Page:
Can paid blog reviews pay off?

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Call them the middlemen of the blogosphere: Web sites that facilitate payments to bloggers to post reviews.

Unheard of 18 months ago, these sites that match bloggers with advertisers are growing in number. Among the better known are and Review Later this month,, a product of 360 Enterprises, will make its debut.

As breaking through the clutter online becomes more problematic, blog reviews are seen as a way for advertisers to monetize their Web site traffic, generate viral marketing and get some much-needed feedback on how their products are faring in the marketplace.

These new sites broker payments to bloggers to review products in their posts. The bloggers are required to disclose that they are getting paid to post the reviews. None of the sites allows marketers to review copy before it is posted.

"I like it when nice things are said about me outside of my own site," said Anthony Arrigo, president of Starry Night Lights, which markets outdoor lighting products.

In the last few months, Arrigo has paid between $40 and $100 each for four separate reviews that have appeared on blogs associated with After each review was posted, Arrigo said he noticed a "big spike" in his Web site traffic.

"They were generally favorable, but not 100%," he said, referring to the tone of the reviews. "A couple of them had some good comments and all of them recommended some things on how I can enhance my business." Roughly one-third of Arrigo's business is b-to-b.

JP Richards, a consultant for Go Big Network, one of the largest online communities designed to help facilitate funding of start-up companies, said Go Big has paid a total of $460 for six reviews that have run on blogs within's network.

One particularly positive review, he said, had a link to the Go Big Network site; that review, in turn, sparked three additional reviews. The various blog postings "have enabled us to infiltrate a key market of tech-savvy people who read blogs but may not have heard of Go Big Network," Richards said.

ReviewMe, which debuted in November, currently has in its network 5,500 bloggers, who have written approximately 750 paid reviews. Advertisers browse's marketplace of blogs and purchase reviews from what they deem relevant bloggers. The bloggers must write a minimum of 200 words per review. uses an algorithm to determine a blogger's value. It charges advertisers $40 to $500 per post. Once a review is completed, splits the revenue equally with the blogger.

"We have purposely recruited quality bloggers, with great reach, and we give them the flexibility to write an honest review," said Patrick Gavin, president of Text Link Ads, which created "It's a creative way for advertisers to get content on an area of a Web page that is not a banner or a display ad but actual copy."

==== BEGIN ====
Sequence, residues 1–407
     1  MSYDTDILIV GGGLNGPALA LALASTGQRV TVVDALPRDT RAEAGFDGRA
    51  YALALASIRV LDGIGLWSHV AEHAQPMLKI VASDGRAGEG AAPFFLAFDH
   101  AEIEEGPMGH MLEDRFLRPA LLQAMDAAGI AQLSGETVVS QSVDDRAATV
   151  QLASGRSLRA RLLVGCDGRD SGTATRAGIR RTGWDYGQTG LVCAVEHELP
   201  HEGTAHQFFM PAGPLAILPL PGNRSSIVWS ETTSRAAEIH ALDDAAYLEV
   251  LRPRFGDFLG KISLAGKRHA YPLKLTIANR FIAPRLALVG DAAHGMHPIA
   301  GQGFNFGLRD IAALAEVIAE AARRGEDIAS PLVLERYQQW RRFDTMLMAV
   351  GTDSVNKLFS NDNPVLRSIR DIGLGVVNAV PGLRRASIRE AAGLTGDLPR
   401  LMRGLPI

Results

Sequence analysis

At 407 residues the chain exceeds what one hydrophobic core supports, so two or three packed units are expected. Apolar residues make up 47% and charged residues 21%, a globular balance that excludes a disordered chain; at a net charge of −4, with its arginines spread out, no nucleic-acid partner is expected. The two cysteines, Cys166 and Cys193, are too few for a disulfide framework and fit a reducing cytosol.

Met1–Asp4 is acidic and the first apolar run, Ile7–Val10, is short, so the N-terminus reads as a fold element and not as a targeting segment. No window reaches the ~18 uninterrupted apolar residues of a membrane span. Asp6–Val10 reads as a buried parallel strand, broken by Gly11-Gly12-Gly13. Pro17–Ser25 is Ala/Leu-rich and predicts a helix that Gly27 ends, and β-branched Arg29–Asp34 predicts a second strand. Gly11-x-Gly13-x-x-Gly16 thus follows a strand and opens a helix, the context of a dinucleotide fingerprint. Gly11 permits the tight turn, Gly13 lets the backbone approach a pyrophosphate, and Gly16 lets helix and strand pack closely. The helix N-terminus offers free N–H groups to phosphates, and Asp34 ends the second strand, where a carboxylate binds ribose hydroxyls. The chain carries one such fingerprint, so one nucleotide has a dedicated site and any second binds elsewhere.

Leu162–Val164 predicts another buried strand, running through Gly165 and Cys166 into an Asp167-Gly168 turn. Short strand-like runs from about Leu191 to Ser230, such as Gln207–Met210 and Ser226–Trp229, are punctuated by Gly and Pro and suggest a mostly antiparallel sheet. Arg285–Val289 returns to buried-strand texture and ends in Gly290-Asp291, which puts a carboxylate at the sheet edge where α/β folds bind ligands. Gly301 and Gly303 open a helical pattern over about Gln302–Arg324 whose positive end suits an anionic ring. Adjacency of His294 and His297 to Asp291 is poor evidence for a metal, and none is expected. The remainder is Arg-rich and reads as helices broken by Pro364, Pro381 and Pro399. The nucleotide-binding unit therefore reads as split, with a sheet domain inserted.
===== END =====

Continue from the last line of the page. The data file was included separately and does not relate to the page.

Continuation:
PayPerPost has in its network 14,000 bloggers, including "high-traffic bloggers and low-end, smaller audiences from social networks," said Ted Murphy, founder and CEO. "Our focus is on real people who don't necessarily blog for a living but are passionate about a particular subject." PayPerPost's bloggers concentrate on technology, marketing, health care, entertainment and finance.

"The attraction to b-to-b marketers is that [our network] exposes someone to a product on a more personal basis, and that can influence their purchasing decision within their own company," Murphy said. "We're rewarding people with higher quality blogs with higher-income potential, but we're not ignoring smaller bloggers." PayPerPost pays rates ranging from $5 up to $2,000.

Criticism from peers

These sites are not without their critics—namely other bloggers who question the sites' credibility.

"In the current incarnation, they won't work for marketers—and can put bloggers in a difficult position and make them feel like they're selling out," said Scott Kirsner, a blogger and technology journalist, who has written about such postings for the San Jose Mercury News.

However, he added, "Over time, [such sites] could evolve into something that works for bloggers and advertisers as long as payments are properly disclosed."

Jeff Jarvis, who blogs on and is an associate professor at City University of New York's Graduate School of Journalism, said: "I'm in favor of people making money off blogs and advertising. The issue I have is, when you try to buy someone's voice, you own that voice; and it affects the veracity of the conversation. … When advertisers buy ads, they don't buy the editorial voice."

Jarrod Hunt, founder-CEO of, said, "It's surprising that critics are still sticking to that point about disclosure," Hunt added. "Their argument is based around the notion that we're going to be deceptive, and that's just not an issue."

One blogger who posts on behalf of said payments by advertisers do not cause any undue influence.

"All I have to do is write at least 200 words and say it is a sponsored post, and then I can write anything I want—positive, negative or neutral," said John Chow, who blogs about Web marketing on

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